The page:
I Am Love

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July 21, 2010 by Matthew Mesaros

If nothing else it seems safe to say that Io sono l’amore sounds like an unusual prospect. A thoroughbred Italian creation the film centres on England’s own Tilda Swinton as she plays a Russian woman who now considers herself fully of Italy. Living up to her character’s varied history Swinton spends the entire film speaking Italian and Russian, two languages she apparently had no knowledge of prior to the film’s production. Still, she had plenty of time to learn since she and director Luca Guadagnino first conceived of this film eleven years ago. Some time between then and now the director also took the time to make a short documentary with Swinton entitled, Tilda Swinton: The Love Factory.

The story concerns the wealthy Recchi clan; Italian industrialists who found their success with their grandfather, Edoardo Recchi Snr (Gabriele Ferzetti). The film opens with a grand dinner party celebrating the aging patriarch’s birthday and it is here that he announces his successor. Unsurprisingly, control of the business will be handed to his loyal son, Tancredi (Pippo Delbono), but a twist is added when joint authority is also granted to Tancredi’s son, Edoardo Jnr. (Flavio Parenti). Edoardo Jnr. is a young man of great passion who is obviously the apple of his grandfather’s eye. Spotting great talent in the cooking abilities of his friend, Antonio (Edoardo Gabbriellini), Edoardo Jnr. takes it upon himself to help him open up a restaurant. Behind these main events a story of familial strife opens up with Tancredi’s wife, Emma (Swinton) taking centre stage. Faithful and assured as a representative of a wealthy family she soon finds herself falling for the earthy charms and escape offered by the much younger chef, Antonio.

Modern Italian cinema surely faces a particularly tough challenge in finding a voice separate of its own great history. Upon the conclusion of the Second World War the country produced some of the giants of the medium and successfully captured the world’s attention with many of its productions. Neo-realism opened the gates and when that movement reached its logical conclusion, or limits, new methodologies and artists were found; Antonioni’s L’avventura1 now largely recognised as a critical watershed in international art cinema. Spanning many epochs of the industry, from the earliest days of neo-realism to his later, grander tales, it seems this film wants us to call to mind the spirit of Luchino Visconti. Certainly the lavishness that marks some of his best loved work is present here.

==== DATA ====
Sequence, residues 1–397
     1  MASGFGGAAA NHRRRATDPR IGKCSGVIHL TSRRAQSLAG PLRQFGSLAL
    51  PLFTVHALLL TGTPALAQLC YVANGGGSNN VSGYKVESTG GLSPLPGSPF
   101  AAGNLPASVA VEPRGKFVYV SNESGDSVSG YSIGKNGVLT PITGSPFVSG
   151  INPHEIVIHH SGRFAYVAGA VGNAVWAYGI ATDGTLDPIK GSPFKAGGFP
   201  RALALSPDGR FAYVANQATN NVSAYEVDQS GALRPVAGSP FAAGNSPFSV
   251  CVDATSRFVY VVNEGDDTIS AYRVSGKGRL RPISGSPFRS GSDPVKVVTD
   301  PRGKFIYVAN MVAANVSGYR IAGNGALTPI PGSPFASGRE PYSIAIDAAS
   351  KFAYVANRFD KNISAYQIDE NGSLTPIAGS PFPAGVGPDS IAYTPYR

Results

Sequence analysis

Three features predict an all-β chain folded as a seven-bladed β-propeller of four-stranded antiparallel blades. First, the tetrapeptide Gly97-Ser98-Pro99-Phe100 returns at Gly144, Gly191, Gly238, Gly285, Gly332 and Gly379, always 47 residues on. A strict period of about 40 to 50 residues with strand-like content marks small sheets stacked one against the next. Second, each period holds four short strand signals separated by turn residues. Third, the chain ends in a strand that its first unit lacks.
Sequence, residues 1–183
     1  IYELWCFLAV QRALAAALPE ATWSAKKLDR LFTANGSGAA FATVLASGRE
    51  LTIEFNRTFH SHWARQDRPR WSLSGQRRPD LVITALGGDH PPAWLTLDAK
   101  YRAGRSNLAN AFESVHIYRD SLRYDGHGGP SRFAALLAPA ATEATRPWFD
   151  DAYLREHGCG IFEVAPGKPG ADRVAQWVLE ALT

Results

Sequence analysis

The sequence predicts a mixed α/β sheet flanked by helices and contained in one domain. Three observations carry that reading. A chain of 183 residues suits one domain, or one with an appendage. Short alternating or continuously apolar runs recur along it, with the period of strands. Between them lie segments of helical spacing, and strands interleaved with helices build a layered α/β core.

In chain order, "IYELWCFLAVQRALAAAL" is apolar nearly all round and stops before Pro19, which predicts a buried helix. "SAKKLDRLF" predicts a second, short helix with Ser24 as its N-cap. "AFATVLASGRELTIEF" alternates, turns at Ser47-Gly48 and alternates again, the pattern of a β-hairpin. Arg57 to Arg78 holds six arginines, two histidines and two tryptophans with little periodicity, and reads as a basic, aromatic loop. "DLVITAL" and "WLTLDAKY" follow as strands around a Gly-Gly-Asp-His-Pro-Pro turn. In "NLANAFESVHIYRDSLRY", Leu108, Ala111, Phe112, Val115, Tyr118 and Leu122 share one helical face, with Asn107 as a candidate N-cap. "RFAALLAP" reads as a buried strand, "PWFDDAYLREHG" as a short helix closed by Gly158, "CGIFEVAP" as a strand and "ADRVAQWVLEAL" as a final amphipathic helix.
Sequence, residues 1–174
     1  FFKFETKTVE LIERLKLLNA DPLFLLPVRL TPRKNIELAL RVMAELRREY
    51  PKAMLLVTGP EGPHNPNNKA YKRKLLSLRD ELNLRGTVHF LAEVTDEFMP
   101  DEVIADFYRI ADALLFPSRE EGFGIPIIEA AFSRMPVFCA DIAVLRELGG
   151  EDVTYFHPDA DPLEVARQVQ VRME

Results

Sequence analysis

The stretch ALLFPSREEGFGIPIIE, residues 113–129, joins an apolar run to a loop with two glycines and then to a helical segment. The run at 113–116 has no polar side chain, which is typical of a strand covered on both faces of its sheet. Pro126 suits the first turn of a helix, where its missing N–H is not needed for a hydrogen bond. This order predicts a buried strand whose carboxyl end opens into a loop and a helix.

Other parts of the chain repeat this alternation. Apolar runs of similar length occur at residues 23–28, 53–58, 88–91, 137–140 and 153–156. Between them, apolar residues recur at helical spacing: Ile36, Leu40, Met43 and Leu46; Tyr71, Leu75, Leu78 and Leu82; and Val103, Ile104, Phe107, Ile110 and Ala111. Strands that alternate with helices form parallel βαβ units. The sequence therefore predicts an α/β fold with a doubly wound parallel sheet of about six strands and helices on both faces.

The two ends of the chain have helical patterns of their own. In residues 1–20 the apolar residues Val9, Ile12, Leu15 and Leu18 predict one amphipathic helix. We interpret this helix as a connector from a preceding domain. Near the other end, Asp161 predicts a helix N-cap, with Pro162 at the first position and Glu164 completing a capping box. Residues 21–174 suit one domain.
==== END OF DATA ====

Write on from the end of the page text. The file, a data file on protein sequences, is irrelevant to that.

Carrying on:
Although the period is more modern than that found in Il gattopardo (The Leopard) the obvious atmosphere of luxury and wealth remains the same. If they’re not quite royalty as was Burt Lancaster’s clan in Visconti’s film there’s still no doubting that the Recchi’s are the picture of modern wealth and privilege. The finery of this modern age is simply more refined if no less indulgent. Guadagnino’s direction strives to maximise that sense of items and surfaces; of shine and of splendour. Throughout, the production allows for a few grand overviews of the Recchi’s villa but primarily focuses on small details and objects, shot in close-up with the rest of the world pushed out into a blurry otherness. The film expands this form to its people with cloistered frames and shallow planes of focus generating detached and distinct worlds that each family member occupies.

All this would be quite acceptable if the film ever managed to generate even the tiniest spark of emotional honesty. Unfortunately what we have here is a project so concerned with maintaining focus on formal details that it completely forgets to create any credible characters or interrelations between them. With eleven years to gestate it almost seems as if those involved came to know their own ideas so well that they forgot to leave them in the final cut. Keeping things within Italy you could argue that Nanni Moretti’s beautiful La stanza del figlio (The Son’s Room) is every bit as self-consciously composed but the difference is that all those details succeed in building to an emotional conclusion; one that validates and indeed masks the various structural conceits used along the way. In contrast I Am Love seems utterly lost when trying to flesh out its cast. As the narrative slowly unfolds it often genuinely surprises simply because the supposed signposts for each development are either isolated by their banality or else so overwrought that it’s difficult to take them seriously.

Case in point, Emma’s sexual awakening is ostensibly the result of a particularly well prepared prawn dish. The close-ups on the food, highlighting the aesthetic preparation and texture, are clearly designed to conjure up visions of sensuality and hedonistic release but the stylistic mechanics behind it are simply so rote that they could never adequately communicate the emotional awakening of the protagonist. Elsewhere, a lengthy sex scene falls flat because, alongside its lack of any meaningful foundation, the theory behind its design seems so lazily constructed as to collide fully with cliché. We get naked writhing bodies coupled with nature footage that could easily have been picked from a David Attenborough series or a Terrence Malick feature. So sexual release and awakening is like glistening dew-drops in grass and bugs climbing leaves. It’s all about context and if the film could only generate interest elsewhere we might be able to forgive it this clumsiness.